Solution: First, "get over yourself!" said the organization expert. Second, get a friend (wine optional) and make decluttering a fun activity. But don't ask someone in the family or who lives in the same house as you to help because that can cause tension, warns Walsh. Make sure you offer to go over to your friend's place the following week to declutter. Third, start small so that it's not overwhelming. Perhaps you can start by clearing out your bedside table or your bag.
You have endless piles of magazines, books, and more. Don't beat yourself up over missing out on special tips, because Walsh jokes that there are only three original ideas in the world and magazines print them over and over again. Sooner or later, you'll come across the same information again.
Solution: Walsh only keeps two back issues of a magazine, and if he decides to keep a new issue, he will throw away an old one so he will only have two copies of the magazine. As for books, if your shelf is full, make sure every time you buy a book, you give one book away. Decide which ones are important to you and keep those.
"I'm a big fan of ripping out a page or two from a magazine to keep as inspiration (just don't overdo it)! To keep them organized, I use three different books or binders. One is for recipes, the second is for projects I want to do, and the third is for places I want to visit. Every time I come across something I want to keep, I tear the page out and immediately tape it into the appropriate book. The trick is to make sure you refer to those books regularly. Not sure what to make for dinner? Go to the book. Not sure what to do this weekend or what restaurant you should try? Go to the book. Tearing the pages out is only half the job . . . The second is making sure that you use the info that you've collected. Remember also to set a limit for the pages you keep so as to avoid paper hoarding. Once you get to 30 items in any book, before you can add an article, you have to discard one."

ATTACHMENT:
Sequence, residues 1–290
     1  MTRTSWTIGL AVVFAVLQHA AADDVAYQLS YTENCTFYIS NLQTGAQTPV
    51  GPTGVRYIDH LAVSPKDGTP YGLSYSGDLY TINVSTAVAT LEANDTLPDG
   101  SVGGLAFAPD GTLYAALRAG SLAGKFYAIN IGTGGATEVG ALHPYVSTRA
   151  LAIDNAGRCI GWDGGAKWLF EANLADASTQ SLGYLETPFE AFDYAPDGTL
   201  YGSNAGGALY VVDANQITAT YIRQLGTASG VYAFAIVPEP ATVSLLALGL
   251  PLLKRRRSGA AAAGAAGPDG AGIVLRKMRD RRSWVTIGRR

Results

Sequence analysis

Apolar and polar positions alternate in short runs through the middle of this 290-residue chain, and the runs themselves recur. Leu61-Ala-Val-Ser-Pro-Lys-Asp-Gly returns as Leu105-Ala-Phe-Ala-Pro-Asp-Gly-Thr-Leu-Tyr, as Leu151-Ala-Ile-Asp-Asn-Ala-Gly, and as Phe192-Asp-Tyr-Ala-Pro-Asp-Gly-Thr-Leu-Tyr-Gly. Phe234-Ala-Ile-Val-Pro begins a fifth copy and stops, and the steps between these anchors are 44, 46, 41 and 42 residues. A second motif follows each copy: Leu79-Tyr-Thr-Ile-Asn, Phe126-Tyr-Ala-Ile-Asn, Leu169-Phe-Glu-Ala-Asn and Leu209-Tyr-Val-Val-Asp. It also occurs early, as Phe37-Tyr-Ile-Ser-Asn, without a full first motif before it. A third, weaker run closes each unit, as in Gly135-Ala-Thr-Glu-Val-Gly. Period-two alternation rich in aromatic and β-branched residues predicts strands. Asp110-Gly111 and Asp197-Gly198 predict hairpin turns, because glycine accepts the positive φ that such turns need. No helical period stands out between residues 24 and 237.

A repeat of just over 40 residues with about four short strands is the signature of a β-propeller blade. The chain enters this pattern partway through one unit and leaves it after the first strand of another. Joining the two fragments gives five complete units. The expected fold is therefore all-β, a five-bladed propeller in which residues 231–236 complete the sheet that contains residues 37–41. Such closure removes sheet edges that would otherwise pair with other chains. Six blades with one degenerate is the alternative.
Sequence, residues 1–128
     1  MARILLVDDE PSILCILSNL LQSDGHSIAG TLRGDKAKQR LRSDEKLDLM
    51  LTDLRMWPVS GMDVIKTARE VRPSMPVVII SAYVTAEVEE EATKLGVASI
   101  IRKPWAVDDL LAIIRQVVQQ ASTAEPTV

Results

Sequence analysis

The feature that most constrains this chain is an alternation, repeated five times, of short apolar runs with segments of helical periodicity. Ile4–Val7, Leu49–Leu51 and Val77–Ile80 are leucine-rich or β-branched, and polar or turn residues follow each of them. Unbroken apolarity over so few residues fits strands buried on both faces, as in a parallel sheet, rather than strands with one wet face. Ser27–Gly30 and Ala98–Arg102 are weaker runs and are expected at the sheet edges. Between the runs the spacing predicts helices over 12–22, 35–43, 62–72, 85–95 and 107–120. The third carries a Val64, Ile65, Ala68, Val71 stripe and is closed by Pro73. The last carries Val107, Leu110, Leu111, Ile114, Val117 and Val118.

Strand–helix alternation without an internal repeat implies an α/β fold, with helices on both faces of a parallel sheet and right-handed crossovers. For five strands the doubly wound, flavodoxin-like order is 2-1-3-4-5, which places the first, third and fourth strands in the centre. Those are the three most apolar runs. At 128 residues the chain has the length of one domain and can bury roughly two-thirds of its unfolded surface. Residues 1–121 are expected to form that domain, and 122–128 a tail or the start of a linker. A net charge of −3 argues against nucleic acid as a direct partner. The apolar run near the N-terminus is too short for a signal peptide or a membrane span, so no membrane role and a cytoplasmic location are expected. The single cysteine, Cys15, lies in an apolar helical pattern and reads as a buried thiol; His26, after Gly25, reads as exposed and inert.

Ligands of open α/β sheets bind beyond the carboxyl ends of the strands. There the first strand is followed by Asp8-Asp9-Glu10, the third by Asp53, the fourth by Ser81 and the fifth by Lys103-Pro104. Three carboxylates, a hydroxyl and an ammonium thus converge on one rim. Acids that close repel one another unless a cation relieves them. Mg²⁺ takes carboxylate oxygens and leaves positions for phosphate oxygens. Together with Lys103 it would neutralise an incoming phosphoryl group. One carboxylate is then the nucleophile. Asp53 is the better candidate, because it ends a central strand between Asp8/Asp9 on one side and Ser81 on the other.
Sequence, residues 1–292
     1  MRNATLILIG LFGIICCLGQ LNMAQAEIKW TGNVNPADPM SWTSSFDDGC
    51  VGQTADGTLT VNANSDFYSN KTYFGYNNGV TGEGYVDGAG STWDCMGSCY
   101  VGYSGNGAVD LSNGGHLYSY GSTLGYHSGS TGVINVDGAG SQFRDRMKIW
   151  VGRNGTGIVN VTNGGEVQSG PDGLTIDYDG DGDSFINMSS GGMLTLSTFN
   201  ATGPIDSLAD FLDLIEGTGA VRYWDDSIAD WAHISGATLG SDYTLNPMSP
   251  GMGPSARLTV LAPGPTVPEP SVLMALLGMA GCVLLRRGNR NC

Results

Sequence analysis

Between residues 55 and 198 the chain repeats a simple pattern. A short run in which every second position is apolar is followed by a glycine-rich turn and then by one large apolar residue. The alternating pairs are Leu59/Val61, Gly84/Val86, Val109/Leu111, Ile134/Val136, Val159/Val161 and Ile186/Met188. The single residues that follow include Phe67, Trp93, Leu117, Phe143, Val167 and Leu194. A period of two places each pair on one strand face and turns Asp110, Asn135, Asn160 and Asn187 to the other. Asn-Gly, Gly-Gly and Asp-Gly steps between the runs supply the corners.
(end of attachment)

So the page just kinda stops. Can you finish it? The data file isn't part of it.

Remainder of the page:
Do you like tearing out magazine pages to keep?
Archive all your emails: "Bite the bullet: archive—don't delete—archive all of those emails or all of those emails from more than a month ago, and start from scratch today." You can set up an automatic filtering system that will immediately shuttle your emails to the appropriate category. Most email systems have the option, and Walsh favors Hotmail for that function.
Keep your inbox clean: The organizing expert says he's "never had more than 10 or 15 emails in my inbox at any one time." He's able to answer every email he receives by having them automatically categorized.
Set aside time for email: Set up a schedule for your emails. Walsh avoids looking at emails the first hour of his morning and does whatever needs to get done "first up in the day." He then sets aside 90 minutes of uninterrupted time to handle email. "I don’t try to multitask; I think multitasking is a huge myth. Trying to do more than one thing at once, you end up doing nothing well," he says.